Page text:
I agree that “Royalty Free” is probably a term that will not go away any time soon but it’s confusing to everyone, publishers, stock music licensing sites, composers, and buyers, and it would be nice if we advocate using it a lot less. What makes it confusing?
1. The fact of the matter is that any time anyone buys a direct license from your site Mark, you then pay the composer a “royalty” from that license sale. It is not a “performance royalty” but it is a royalty nonetheless. I suppose you can call it a “commission”. It’s all semantics. in my mind, it’s a royalty for every unit sold.
2. Different RF sites have different interpretations and contracts for the license they are selling and many allow pro registered music. Many define “Royalty Free” differently
What else is wrong with the term?
Well for starters is has the word “free” in the term. It manipulates the customer into thinking that something is “free” when in reality, 999 out of 1000 customers are never going to be on the hook to pay PRO’s anything after they buy a direct license. They are not getting the license for “free”. They still are buying a license and a royalty gets paid to the composer from that sale.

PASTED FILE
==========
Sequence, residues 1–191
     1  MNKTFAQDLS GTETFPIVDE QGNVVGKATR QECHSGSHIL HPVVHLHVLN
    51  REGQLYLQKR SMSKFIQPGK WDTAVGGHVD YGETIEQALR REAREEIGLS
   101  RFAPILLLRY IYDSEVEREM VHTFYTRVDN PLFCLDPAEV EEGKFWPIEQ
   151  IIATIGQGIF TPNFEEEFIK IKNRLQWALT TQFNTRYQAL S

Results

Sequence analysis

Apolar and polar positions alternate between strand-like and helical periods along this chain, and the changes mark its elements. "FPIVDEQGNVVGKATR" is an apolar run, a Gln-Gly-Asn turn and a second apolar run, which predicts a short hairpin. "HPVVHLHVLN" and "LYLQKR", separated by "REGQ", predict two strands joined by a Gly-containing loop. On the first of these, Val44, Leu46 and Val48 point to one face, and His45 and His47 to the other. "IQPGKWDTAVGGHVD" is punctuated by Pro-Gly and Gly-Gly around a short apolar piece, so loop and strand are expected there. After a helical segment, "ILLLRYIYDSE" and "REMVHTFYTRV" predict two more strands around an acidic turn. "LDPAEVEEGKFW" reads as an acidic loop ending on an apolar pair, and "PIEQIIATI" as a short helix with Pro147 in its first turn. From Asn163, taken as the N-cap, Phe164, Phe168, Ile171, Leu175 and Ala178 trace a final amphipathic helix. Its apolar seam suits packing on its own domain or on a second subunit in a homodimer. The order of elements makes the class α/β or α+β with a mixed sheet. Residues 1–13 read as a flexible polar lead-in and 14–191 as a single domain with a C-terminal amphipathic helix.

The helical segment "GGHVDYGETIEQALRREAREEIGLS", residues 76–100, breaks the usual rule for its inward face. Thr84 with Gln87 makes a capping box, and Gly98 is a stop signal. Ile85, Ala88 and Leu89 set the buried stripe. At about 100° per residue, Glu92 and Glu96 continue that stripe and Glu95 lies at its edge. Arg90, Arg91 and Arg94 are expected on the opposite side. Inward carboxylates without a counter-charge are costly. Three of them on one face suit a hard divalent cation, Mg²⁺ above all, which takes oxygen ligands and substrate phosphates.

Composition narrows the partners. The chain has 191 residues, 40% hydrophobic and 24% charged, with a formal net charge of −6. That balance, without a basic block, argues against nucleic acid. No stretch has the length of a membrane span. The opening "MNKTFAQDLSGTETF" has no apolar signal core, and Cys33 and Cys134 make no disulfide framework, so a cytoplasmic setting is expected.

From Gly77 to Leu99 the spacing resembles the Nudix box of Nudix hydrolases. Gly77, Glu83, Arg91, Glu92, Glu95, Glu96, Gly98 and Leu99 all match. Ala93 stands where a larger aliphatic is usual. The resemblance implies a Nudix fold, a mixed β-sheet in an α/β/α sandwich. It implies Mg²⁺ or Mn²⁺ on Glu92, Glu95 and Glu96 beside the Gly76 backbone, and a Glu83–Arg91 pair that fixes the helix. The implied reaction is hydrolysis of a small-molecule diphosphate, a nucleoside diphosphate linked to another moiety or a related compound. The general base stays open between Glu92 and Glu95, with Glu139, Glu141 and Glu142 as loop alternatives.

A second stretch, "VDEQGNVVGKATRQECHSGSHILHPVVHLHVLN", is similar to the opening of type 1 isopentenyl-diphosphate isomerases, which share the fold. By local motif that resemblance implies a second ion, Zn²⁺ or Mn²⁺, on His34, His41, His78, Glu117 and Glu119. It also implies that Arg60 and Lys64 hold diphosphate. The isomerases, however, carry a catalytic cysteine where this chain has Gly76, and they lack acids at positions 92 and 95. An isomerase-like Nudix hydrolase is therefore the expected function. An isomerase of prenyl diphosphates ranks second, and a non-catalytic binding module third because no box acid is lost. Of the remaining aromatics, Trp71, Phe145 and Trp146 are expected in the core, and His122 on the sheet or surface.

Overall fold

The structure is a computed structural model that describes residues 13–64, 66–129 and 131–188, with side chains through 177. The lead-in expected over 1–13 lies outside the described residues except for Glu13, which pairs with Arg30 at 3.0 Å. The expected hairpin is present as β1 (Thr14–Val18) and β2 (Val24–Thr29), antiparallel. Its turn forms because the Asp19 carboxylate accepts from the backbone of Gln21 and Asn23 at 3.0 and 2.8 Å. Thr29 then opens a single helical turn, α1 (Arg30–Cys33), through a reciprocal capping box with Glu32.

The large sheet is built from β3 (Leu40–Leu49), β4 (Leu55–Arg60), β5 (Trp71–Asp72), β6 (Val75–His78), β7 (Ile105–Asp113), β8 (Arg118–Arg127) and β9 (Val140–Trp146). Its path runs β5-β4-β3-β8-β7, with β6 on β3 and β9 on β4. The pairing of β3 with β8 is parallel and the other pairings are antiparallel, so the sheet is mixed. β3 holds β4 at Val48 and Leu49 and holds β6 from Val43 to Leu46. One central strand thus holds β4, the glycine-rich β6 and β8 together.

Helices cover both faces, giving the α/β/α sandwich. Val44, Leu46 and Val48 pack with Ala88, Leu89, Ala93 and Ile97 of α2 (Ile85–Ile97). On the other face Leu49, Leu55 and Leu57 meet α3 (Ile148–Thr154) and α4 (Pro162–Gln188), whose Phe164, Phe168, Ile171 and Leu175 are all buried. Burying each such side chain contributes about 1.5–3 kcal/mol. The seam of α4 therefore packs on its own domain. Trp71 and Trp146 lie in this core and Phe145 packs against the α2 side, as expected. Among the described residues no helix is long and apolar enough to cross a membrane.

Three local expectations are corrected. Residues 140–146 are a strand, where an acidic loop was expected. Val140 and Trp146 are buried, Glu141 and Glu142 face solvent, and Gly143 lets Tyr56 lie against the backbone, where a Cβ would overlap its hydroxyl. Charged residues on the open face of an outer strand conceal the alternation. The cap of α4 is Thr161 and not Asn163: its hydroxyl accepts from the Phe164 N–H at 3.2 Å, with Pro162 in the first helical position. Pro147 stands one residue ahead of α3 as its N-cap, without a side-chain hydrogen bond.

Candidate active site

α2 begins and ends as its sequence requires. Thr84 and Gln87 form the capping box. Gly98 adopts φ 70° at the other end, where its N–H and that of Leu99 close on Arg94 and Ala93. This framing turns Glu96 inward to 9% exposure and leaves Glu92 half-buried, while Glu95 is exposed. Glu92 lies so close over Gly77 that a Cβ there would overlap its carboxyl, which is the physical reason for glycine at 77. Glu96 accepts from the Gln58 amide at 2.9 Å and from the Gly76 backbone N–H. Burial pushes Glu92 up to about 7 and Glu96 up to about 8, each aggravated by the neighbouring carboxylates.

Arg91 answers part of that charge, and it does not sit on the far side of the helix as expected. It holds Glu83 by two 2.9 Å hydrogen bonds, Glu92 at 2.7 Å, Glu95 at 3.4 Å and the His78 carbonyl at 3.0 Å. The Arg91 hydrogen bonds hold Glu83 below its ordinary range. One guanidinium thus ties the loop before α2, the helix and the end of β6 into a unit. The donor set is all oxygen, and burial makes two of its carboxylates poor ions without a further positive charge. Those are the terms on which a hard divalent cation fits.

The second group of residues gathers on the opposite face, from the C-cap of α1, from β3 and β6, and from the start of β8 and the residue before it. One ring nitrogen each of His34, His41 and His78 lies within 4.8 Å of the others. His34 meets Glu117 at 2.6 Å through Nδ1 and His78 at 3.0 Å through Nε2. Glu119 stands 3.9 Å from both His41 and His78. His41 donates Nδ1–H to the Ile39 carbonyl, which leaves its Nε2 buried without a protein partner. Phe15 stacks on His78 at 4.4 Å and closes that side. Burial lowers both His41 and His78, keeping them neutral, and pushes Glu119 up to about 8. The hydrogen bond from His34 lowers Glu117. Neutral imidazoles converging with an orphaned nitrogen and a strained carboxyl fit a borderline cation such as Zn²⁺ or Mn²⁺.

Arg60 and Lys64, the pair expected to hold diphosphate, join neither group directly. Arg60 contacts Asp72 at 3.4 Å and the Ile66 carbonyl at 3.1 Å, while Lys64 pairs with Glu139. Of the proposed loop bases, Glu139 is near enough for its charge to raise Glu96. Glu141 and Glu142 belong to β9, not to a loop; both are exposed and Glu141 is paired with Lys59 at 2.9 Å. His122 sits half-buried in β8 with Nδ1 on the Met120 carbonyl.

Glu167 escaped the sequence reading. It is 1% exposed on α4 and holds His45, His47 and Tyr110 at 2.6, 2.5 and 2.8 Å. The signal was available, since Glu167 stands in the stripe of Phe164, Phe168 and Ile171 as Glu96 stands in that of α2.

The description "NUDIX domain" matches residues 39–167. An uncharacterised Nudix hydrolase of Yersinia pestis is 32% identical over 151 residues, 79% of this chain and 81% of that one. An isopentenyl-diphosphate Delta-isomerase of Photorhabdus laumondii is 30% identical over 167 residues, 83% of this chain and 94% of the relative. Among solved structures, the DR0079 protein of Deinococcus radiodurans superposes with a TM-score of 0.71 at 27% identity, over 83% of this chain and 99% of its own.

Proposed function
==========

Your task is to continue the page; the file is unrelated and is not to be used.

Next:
Mark I just read your terms:
The license is a Lifetime License
This means you can use this music in as many projects that you, the licensee, are personally involved with as you want without paying extra fees or needing to re-license the music.
The license is a Direct License
A ‘direct license’ is a license between you and the composer who owns the copyright to the music. When a composer signs on to our library they have agreed to waive all rights to collect back-end royalties for uses of the their music when licensed via musicloops.com. Musicloops.com faciliates direct licensing between our composers and customers. This means you will not be paying royalties to performing rights organizations for the use of musicloops.com music.
Can you kindly point out when your customers would have to pay PRO’s if you did not enact this policy? Also would you really be OK if your track were licensed on your site into a huge advertising campaign and you would not collect performance royalties for potentially thousands of airplays? And how do you feel about those “paid anyway” performance royalties possibly going unclaimed for no reason whatsoever? Or, would you allow the writer to file a claim at their PRO to collect them?